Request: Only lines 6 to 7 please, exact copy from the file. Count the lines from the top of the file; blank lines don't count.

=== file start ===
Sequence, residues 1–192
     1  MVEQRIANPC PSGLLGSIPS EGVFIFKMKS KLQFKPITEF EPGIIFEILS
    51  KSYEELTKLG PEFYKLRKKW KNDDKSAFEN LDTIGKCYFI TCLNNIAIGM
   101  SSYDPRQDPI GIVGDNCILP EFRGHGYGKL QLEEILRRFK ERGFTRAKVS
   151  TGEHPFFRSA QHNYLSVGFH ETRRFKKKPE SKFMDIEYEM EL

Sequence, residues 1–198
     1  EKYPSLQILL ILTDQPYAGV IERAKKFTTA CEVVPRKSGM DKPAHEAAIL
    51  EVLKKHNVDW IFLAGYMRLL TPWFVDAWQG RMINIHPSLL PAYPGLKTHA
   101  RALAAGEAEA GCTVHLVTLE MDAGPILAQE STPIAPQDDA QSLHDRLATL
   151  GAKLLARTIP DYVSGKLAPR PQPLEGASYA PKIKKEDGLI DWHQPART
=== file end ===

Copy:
Sequence, residues 1–198
     1  EKYPSLQILL ILTDQPYAGV IERAKKFTTA CEVVPRKSGM DKPAHEAAIL